My family and I have fallen in love with our local university's hockey team. My boys get upset if they miss a game. USU's team is intense and impressive and they don't hesitate to fight. With watching so much hockey I had to write another book with a hockey player in it. I hope you love this new fake fiance book as much as I do. Here's a picture of my husband and I at last night's hockey game.
Two hearts pulled apart years ago. Can they reconnect and overcome the misunderstandings, secrets, and heartbreak?Buy Now
Faith studiously avoided looking at Jag, but she could sense him approaching, as if they’d never been apart and she was still as attuned to him as ever. Then he was standing by her side, attracting stares from some of the kids who were taking breaks or were out of the water. She heard Tyler, one of the older boys, breathe, “That’s Jag Parros. Holy crap!”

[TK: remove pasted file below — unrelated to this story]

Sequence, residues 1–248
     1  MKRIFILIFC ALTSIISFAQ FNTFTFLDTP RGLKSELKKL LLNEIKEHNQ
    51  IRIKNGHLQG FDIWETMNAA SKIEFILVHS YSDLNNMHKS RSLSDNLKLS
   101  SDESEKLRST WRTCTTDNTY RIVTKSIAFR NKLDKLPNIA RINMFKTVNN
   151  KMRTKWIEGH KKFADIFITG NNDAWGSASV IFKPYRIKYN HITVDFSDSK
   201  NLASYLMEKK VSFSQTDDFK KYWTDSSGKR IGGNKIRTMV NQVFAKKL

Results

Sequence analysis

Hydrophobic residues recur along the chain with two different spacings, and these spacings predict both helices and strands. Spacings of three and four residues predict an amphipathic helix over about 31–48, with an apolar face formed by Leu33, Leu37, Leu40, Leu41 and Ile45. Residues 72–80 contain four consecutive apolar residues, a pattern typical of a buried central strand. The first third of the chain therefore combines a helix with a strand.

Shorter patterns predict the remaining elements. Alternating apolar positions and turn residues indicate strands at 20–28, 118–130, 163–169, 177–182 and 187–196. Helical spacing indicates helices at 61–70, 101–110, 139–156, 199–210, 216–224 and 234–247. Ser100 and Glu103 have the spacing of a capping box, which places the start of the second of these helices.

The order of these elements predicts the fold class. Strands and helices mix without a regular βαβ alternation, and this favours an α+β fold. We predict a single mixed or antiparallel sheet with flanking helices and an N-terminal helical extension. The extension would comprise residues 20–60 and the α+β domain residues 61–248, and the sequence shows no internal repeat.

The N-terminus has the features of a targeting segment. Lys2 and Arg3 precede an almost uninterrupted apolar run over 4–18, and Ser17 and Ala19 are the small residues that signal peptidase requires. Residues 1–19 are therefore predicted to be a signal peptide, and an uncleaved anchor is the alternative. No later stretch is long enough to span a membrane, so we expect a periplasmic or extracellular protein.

“The hockey player?”
“Tyler.” Faith’s voice was more of a bark than she’d ever heard it. “Get moving.”
“Yeah, Coach.” Tyler cast one more look at Jag, then dove under and started across the pool, doing freestyle.
Faith didn’t look at Jag. She didn’t know if she was strong enough to look at him and not throw herself into his arms again. Without a coat on like earlier to block some of the sensation, she’d be in major trouble. He eased in closer to her, and his musky smell mingled with the strong chlorine scent from the pool. She’d been raised in the water and was addicted to Jag’s scent, so she found herself leaning toward him also.
He leaned so close his mouth tickled her ear and sent darts of desire through her. “That’s Faith Summers. Holy crap,” he murmured.